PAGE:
No teacher should be deflected from meeting the responsibility to teach. To teach reading well, we must jealously safeguard instructional time (since it belongs to the kids and the community) and follow the research carefully. To encourage reading, we have to invest ourselves as individuals, and follow our hearts.

          Ultimately, the difference comes down to freedom of choice. No one has the right to refuse to become literate: “Other people can read for me, thank you very much. I just don’t want that kind of responsibility.” The implications would be too grave to allow a youngster to opt out. But choices about what to love must belong to the individual.

          Teachers are institutional beings…they work for schools, governments, and societies. Teachers must carry out their responsibilities to the best of their abilities. But what about personal goals like encouraging reading? There are dangers—to an individual and to a democracy—when public institutions and public instruments try to dictate personal taste and individual choice. Institutionalizing efforts to encourage reading may even be self defeating—as students may resist to protect their individual autonomy.

          As president, I will continue to work on public initiatives to improve reading instruction and achievement. As for encouraging reading, my role will be to cheer on all who have made it their personal quest to invite kids to a life of reading—a personal invitation I hope they can extend successfully to their students.

References 

Kamil, M. (2006, April). A quasi-experimental test of recreation reading: Data from a two-year study.  Paper presented at the American Educational Research Association, San Francisco, CA. 

National Institute of Child Health and Human Development. (2000). Report of the National Reading Panel. Teaching children to read: An evidence-based assessment of the scientific research literature on reading and its implications for reading instruction (NIH Publication No. 00-4769). Washington, DC: U.S. Government Printing Office. 

Summers, E.G., and McClelland, J.V. (1982). A field-based evaluation of sustained silent reading (SSR) in intermediate grades. Alberta Journal of Educational Research, 28, 100–112. 

Yoon, J., and Won, J. (2001, December). Three decades of sustained silent reading: A meta-analysis of its’ effects on reading attitude and reading comprehension. Paper presented at the National Reading Conference, San Antonio, TX.

Comments

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Rachel Rennie Klingelhofer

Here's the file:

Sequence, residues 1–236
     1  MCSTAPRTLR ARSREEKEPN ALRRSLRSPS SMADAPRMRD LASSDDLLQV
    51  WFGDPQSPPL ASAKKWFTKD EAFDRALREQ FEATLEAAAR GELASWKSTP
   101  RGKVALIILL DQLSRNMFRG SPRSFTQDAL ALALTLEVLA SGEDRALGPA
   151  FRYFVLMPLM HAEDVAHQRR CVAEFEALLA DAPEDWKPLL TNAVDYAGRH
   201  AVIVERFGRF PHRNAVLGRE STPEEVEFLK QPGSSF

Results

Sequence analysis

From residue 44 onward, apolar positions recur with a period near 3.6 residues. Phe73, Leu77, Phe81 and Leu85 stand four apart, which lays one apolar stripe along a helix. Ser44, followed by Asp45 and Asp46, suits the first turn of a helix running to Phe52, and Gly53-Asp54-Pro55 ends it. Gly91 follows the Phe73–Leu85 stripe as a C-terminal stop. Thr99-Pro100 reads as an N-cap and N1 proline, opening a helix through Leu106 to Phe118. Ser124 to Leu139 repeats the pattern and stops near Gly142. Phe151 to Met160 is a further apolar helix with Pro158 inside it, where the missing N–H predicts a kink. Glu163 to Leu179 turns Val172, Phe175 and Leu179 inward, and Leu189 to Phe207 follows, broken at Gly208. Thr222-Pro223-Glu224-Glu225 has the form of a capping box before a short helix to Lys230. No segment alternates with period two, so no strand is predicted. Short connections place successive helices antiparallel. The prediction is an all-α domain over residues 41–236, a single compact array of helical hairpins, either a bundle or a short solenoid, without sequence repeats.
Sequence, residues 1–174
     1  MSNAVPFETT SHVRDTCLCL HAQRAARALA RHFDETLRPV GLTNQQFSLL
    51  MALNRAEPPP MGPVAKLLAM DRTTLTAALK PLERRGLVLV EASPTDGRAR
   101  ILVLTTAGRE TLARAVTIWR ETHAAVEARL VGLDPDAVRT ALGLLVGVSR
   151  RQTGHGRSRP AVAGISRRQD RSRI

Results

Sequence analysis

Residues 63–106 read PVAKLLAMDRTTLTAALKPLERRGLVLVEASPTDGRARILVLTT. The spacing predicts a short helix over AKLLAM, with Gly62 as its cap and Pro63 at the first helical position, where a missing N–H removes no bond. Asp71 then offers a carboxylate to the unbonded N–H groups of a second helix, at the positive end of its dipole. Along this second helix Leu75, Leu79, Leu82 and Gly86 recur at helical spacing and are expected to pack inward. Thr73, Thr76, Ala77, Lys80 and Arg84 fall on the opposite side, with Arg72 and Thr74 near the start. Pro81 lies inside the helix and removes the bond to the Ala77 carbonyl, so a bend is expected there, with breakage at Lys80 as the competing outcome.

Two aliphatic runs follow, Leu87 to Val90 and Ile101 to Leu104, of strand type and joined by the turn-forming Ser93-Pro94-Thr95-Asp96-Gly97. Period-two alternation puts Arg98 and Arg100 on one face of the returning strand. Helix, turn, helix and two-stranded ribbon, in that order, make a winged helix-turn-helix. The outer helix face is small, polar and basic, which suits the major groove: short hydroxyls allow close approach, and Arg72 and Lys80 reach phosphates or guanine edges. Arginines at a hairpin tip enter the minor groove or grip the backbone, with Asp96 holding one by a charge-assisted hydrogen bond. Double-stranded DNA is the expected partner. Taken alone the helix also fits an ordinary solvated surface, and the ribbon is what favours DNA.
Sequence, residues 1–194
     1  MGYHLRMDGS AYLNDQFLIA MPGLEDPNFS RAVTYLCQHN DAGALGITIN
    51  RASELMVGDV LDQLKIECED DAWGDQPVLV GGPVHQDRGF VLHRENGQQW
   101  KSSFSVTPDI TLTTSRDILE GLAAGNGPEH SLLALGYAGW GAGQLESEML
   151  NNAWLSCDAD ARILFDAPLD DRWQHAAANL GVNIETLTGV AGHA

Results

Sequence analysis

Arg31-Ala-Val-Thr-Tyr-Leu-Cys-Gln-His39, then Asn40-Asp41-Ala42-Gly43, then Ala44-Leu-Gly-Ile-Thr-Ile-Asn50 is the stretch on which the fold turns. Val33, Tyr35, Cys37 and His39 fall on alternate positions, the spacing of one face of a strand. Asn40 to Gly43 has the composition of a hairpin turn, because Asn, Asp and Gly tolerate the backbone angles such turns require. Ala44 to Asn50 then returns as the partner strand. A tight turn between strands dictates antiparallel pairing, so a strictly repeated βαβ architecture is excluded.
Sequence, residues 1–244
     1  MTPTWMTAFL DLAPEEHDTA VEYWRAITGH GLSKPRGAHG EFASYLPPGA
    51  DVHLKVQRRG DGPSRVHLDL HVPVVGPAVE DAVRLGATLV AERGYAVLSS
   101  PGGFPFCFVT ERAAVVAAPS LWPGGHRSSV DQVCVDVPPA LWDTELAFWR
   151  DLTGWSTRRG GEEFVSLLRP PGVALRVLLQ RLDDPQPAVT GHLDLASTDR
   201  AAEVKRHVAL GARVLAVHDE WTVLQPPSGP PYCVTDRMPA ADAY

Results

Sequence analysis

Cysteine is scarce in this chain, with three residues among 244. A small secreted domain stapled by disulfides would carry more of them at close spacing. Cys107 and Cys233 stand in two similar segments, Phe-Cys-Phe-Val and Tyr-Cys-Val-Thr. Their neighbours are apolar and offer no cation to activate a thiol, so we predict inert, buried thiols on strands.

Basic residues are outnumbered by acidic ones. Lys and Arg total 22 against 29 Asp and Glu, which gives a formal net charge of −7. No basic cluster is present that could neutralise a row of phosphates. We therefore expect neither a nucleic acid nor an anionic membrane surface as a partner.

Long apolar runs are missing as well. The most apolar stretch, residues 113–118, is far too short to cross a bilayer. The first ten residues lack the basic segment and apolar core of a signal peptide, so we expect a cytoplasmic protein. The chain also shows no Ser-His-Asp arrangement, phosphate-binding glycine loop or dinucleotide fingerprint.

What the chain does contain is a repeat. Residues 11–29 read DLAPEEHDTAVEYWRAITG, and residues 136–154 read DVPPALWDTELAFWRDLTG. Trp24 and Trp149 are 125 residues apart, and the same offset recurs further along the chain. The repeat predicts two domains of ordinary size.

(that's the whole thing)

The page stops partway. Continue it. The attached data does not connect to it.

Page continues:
May 23, 2017 06:16 PM

This is very interesting. I present this dilemma to my students when I teach a literacy methods course. After reading "Other People's Words" (Purcell-Gates, 1997), I ask them to consider whether the job of teachers is solely to help kids like "Donny" learn to read, or also to learn to love reading. I juxtapose some of Purcell-Gates's words with those of Lucy Calkins in "The Art of Teaching Reading," the latter offering much more "flowery" language about her hopes for students--“I want children to know what it is to open a good book and be opened by that good book"--that is difficult to mesh with the reality of Donny's seeming desires for his free time and future. It always sparks a lot of discussion.

Timothy Shanahan
Jul 02, 2017 01:37 AM

Rachel-

As well it should. The idea of teaching students to love something is fraught with problems since it imposes on individual freedom in a way that government enterprises, perhaps, should not. I have two children: one adores reading and one thinks it to be just fine. Should the school try to change the second given that she would rather invest her time in her social life and athletics, etc.? Or is it our job to decide what people will or should enjoy. Why does reading get this special treatment? What about music? Or drawing? Or running? We have a responsibility to make sure that students know literacy well enough to gain the full benefits of this society and to allow them to choose to love it if they so choose. Of course, setting love of reading or lifelong reading as goals is problematic since we don't actually have sound measures of either (one of the great things about this goal is that no one can tell if I have reached it).

I love reading and I'd certainly share that with kids... but the idea that they have to like what i do seems tyranical. (I love ice cream, and eat it whenever I get a chance. My hunch is if I promoted that love in others I might do harm to the ones with a slower metabolism than my own). thanks.

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Does He Really Think Kids Shouldn't Read